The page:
The two chemical plants produce a variety of products. These include sulfuric acid, concentrated phosphoric acids, diammonium phosphate (DAP), Monocalcium Phosphate (Monocal), Dicalcium Phosphate (Dical), and Defluorinated Phosphate (DFP). DAP is used as an ingredient in fertilizer. Monocal, Dical, and DFP are used as animal feed supplements. The sulfuric acid and the phosphoric acid are used as ingredients in producing these other products. 
Anhydrous ammonia is delivered to the White Springs facility by railcar. It is stored in spheres or "bullets" (tanks). The two spheres are each capable of storing 2,300 tons of anhydrous ammonia. Inventory in the two spheres is maintained, through administrative controls, at 1150 tons each. Maintaining the storage at fifty percent of capacity allows for movement of ammonia from one tank to another in an emergency. It also limits the amount of ammonia stored to the minimum amount necessary for our  
operation. The two bullets are each capable of storing 170 tons of anhydrous ammonia. Safety features in the storage area include relief valves and excess flow valves on the spheres and tanks, ammonia sensors and alarms, and a shut-off valve system to stop transfers of ammonia if preset conditions are exceeded. These valves will fail-closed in the event of a power failure. The anhydrous ammonia is transferred from railcars to the storage area using specially designed piping, and pumps. Safety features in the railcar unloading area include: 
An emergency shut-off valve system (which fails closed in case power is lost) activated by any of six switches located strategically throughout the area, 
Excess flow valves in case of line failure,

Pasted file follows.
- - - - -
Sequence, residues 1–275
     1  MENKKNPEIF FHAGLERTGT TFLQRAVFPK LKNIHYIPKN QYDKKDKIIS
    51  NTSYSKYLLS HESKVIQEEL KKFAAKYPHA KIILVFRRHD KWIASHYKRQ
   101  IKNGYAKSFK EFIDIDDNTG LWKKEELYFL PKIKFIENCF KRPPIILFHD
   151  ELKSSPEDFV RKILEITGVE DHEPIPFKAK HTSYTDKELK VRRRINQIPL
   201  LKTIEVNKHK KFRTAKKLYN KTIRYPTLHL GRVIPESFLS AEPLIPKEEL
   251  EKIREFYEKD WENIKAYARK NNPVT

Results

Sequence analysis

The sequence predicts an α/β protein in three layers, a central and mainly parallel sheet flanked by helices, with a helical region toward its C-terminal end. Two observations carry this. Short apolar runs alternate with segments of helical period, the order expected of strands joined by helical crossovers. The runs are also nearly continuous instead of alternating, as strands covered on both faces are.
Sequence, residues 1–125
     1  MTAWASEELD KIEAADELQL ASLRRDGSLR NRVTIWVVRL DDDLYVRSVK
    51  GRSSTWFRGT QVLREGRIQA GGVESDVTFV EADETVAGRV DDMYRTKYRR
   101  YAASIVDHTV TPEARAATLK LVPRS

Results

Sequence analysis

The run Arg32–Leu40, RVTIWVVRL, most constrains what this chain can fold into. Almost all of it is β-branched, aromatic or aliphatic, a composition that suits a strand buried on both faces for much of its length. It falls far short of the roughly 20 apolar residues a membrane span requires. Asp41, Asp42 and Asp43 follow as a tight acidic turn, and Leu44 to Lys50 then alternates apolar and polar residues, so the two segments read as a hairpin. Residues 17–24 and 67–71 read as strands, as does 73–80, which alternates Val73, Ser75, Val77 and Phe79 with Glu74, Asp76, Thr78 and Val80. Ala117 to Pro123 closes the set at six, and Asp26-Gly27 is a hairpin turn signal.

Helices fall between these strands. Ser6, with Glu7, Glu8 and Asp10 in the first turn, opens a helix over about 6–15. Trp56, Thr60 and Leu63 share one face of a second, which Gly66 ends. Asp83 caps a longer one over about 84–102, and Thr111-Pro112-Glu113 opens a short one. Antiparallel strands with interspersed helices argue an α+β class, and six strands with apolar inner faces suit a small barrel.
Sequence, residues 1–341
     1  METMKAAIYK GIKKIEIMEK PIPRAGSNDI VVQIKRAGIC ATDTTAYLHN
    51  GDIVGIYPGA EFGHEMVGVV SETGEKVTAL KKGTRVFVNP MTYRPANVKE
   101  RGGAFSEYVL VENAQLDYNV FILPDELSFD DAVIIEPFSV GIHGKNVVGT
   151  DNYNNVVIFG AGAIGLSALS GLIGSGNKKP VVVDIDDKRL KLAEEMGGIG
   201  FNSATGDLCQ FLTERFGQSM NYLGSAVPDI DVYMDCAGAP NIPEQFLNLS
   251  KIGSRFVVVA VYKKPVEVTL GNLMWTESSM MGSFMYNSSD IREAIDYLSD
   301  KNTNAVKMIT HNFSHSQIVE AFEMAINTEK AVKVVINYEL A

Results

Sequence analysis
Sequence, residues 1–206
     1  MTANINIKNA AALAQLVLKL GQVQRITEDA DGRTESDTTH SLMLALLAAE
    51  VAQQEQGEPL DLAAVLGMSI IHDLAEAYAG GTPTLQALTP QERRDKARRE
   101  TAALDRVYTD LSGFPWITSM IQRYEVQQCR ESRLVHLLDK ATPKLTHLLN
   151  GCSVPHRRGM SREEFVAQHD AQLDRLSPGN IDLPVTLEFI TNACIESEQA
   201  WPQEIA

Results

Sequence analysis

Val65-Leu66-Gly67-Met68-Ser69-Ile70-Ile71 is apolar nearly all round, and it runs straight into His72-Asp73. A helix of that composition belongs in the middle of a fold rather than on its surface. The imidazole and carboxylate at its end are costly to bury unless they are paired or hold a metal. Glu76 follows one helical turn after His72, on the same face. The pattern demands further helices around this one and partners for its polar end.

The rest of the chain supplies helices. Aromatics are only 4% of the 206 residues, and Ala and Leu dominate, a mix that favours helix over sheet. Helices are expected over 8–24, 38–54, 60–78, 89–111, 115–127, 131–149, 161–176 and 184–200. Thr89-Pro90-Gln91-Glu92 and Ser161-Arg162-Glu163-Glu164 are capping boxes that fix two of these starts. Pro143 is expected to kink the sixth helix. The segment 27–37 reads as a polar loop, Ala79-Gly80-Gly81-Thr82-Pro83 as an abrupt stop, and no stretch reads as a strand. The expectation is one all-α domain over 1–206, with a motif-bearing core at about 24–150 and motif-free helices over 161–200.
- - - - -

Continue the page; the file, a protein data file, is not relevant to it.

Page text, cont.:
Area ammonia sensors and alarms, 
Video monitoring systems, and 
Railcar derailers to protect cars connected for unloading. 
Because of its isolated location the facility has its own medical clinic, fire response team, hazardous materials response team, res 
cue team and medical response team. 
Worst Case and Alternate Case Scenarios 
Both scenarios were developed using the DEGADIS model. The DEGADIS model is listed in 40 CFR Part 51, Appendix W as an EPA Guideline Model. It will calculate a release rate given storage conditions and specific leak parameters. It incorporates detailed thermodynamic factors for the release. Many experts consider this to be the most accurate or realistic model used for similar RMP applications. 
The worst case scenario is assumed to be the release of 1150 tons of anhydrous ammonia over a ten-minute period from the storage sphere. This release is expected to impact offsite areas. 
The alternate case scenario is assumed to be a release of five tons of anhydrous ammonia over a period of approximately eight minutes. This release is not expected to impact any offsite areas. 
General Accidental Release Prevention Program 
The PCS Phosphate - White Springs ammonia handling and processing area is governed by the OSHA 
Process Safety Management rule. Additionally, the use of Safety and Operating Procedures provides a system to prevent accidental releases by focusing on specific components of each job task. The safety and operating procedures manuals contain detailed job descriptions related to each task. The manuals are reviewed annually and revised as necessary to address any changes. Each shipment receives a detailed pre-unloading inspection, inspection during unloading, and a post unloading inspection by the operator. Employees and contractors are trained regularly to insure proficiency in all phases of the operation.